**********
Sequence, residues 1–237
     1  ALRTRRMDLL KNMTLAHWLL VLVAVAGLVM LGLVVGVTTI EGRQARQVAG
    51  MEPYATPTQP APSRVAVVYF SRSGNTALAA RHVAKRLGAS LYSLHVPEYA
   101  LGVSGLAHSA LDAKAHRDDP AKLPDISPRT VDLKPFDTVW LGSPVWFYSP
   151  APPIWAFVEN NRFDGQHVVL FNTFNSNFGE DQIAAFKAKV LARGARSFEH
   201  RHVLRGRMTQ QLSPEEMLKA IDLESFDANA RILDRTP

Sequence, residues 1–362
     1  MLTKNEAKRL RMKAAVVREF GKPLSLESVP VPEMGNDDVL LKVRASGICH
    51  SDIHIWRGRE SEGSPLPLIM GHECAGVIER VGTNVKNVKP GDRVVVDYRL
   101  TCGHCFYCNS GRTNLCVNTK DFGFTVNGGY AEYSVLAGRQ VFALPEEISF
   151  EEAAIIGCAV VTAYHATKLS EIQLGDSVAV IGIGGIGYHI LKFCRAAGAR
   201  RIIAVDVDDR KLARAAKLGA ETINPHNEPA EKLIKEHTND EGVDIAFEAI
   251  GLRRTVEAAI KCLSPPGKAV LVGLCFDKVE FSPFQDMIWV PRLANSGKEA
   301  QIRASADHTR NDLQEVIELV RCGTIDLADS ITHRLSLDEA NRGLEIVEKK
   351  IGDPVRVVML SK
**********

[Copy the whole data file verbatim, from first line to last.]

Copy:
Sequence, residues 1–237
     1  ALRTRRMDLL KNMTLAHWLL VLVAVAGLVM LGLVVGVTTI EGRQARQVAG
    51  MEPYATPTQP APSRVAVVYF SRSGNTALAA RHVAKRLGAS LYSLHVPEYA
   101  LGVSGLAHSA LDAKAHRDDP AKLPDISPRT VDLKPFDTVW LGSPVWFYSP
   151  APPIWAFVEN NRFDGQHVVL FNTFNSNFGE DQIAAFKAKV LARGARSFEH
   201  RHVLRGRMTQ QLSPEEMLKA IDLESFDANA RILDRTP

Sequence, residues 1–362
     1  MLTKNEAKRL RMKAAVVREF GKPLSLESVP VPEMGNDDVL LKVRASGICH
    51  SDIHIWRGRE SEGSPLPLIM GHECAGVIER VGTNVKNVKP GDRVVVDYRL
   101  TCGHCFYCNS GRTNLCVNTK DFGFTVNGGY AEYSVLAGRQ VFALPEEISF
   151  EEAAIIGCAV VTAYHATKLS EIQLGDSVAV IGIGGIGYHI LKFCRAAGAR
   201  RIIAVDVDDR KLARAAKLGA ETINPHNEPA EKLIKEHTND EGVDIAFEAI
   251  GLRRTVEAAI KCLSPPGKAV LVGLCFDKVE FSPFQDMIWV PRLANSGKEA
   301  QIRASADHTR NDLQEVIELV RCGTIDLADS ITHRLSLDEA NRGLEIVEKK
   351  IGDPVRVVML SK